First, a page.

There is no place for the trout hunter at this time of the year, that train has left the station and they must now step aside to allow this, most beautiful of all wild fish – the Lough Sheelin brown to negotiate their way up the rivers within this catchment to start the future for seasons to come on this lake.

Lough Sheelin however will be waiting for its anglers next year – venisti remanebis donec denuo completes sis.

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Catch and release is becoming increasingly popular among conservation-minded trouters eager to ensure a future full of fish and fishing. However, it is crucial to handle fish carefully if they are to survive after release.  That means bringing them in quickly rather than prolonging the fight, not squeezing them too hard or holding them by the gills and not keeping them out of the water too long.  The ‘how long you should keep them out of water bit’ was I thought addressed very well in a recent article on the subject which stated ‘ imagine your own head held underwater against your will and you’ll get a pretty good idea how long is too long to keep a fish out of water’.

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Dapping on Sheelin

Recently I was sent a very lovely poem by Sheelin angler, Vincent Kelly, written by his uncle Fr. Martin Kelly, a priest in Belfast about dapping in Sheelin which I felt needed to be shared with all those who have the same gra for this lake as I have.

Dapping on Sheelin

Dumpling clouds crowd a bright sky,

leaves buckle on bouncing branches

in a fresh westerly from Strangford.

I’m back again

on Sheelin during the mayfly

dapping with a blow line, curved taut,

keeping the green flies on the jumpy water,

Charlie Baker, leaning on the straightening oar,

alert for the flash and grab of a six pounder.

Ciaran Mac crouched ready.

 

Terns on the surface,

skirt into the wind,

picking off hatchers

finding their wings.

 

‘If a fish takes

will I give him time?’

‘Lower the rod,

shout, ‘Up the Republic’

and strike’.

 

‘Fish!’

Rod bent in two.

‘It’s a seven pounder!’.

The dash, dive and leap,

red and amber glimpses, silver glint

in the racing, bending, twisting waves,

a desperate, fierce , adrenalined,

surface-slashing struggle,

mouth open, jerking.

 

Then, under the boat.

 

‘He’s gone’.

 

The line lies lifeless

on the gloating water.

I sit limp.

 

In silence

Charlie Baker starts the engine.

 

Boat resting

Boat resting

Go Fishing…

House Rules

A permit is required to fish Lough Sheelin. Buy your permit online at: shop.fishinginireland.info or from any of the permit distributors listed here.

Catch and release

A catch & release policy is actively encouraged on the lake at all times

catch and release

#CPRsavesfish

catch and release

the magic of a Lough Sheelin trout #CPRsavesfish

Extra care is needed when playing and releasing trout during periods of high water temperatures as additional stress at these times will decrease the survival rate of hooked and released fish.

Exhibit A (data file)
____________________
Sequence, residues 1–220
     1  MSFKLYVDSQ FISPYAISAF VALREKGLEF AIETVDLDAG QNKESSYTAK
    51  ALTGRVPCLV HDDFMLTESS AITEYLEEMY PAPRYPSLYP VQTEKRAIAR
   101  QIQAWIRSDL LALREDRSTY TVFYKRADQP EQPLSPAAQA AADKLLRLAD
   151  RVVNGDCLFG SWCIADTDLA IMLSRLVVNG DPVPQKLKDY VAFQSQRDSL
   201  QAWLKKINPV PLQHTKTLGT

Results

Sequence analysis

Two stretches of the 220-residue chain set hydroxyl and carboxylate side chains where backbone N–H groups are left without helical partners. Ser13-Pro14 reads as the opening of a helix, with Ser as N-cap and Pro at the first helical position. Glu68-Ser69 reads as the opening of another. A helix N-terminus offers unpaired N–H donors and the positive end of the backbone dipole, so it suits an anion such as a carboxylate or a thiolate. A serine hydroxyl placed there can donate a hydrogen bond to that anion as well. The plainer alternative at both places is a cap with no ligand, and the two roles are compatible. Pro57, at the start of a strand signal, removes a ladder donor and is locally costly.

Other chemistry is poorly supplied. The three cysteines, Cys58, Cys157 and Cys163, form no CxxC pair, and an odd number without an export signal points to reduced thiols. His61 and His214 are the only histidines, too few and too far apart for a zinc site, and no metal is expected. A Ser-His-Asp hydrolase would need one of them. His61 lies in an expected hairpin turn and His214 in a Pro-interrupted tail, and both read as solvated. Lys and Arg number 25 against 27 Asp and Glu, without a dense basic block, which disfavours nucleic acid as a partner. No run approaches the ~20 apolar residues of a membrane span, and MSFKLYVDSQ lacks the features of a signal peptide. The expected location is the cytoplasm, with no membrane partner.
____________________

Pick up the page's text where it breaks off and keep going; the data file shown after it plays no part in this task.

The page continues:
BYE-LAW 949 strictly prohibits:

  • The taking of any brown trout of less than 36 centimetres.
  • For a person to fish with more than 2 rods at any one time.
  • To fish with more than 4 rods at any one time when there is more than one person on board the boat concerned.
  • For a person to take more than 2 trout per day.
  • All trolling on the lake from March 1st to June 16th (inclusive).
  • To fish or to attempt to take or to fish for, fish of any kind other than during the period from March 1st to October 12th in any year.

Join the Club…

For anyone interested in joining Lough Sheelin’s Angling Club – The Lough Sheelin Trout Protection Association please contact Thomas Lynch @ 087 9132033.

Guides and ghillies…

Grey Duster GuidingGrey Duster Guiding
Kenneth O’Keeffe
Tel: 
086 8984172 Email: trout@live.ie

Christopher Defillon
Tel: +33 68 596 4369  Email: evasionpecheirlande@gmail.com
Facebook: https://www.facebook.com/christopher.defillon

Lough Sheelin Guiding Services
Tel: 087 1245927 Web: www.loughsheelinguidingservices.com

D.C Angling & Guiding Services
contact David @ 087 3946989

Michael Farrell
Tel: 087 4194156 or  +353 43 6681298
Email: loughsheelinguide@hotmail.com

Michael Flanagan,
Trout and Pike Guide.
Email: mick@midlandangling.com Web: www.midlandangling.com

Lifejackets

We would implore anglers and all other users to wear life jackets for their own safety as well as it being the law.

Life jackets are required by law – SI No 921 of 2005 – Pleasure Craft (Personal Flotation Devices and Operation) (Safety) Regulations 2005. Water  rarely gives second chances and a life jacket is just that – it saves your life.

Please put on and keep on that life jacket until you are back on dry land.

Lough Sheelin

Lough Sheelin
‘Till the shadows lengthen and the evening comes and the busy world is hush’

 

Tight lines for 2019


This post is in: Lough Sheelin, Trout fishing reports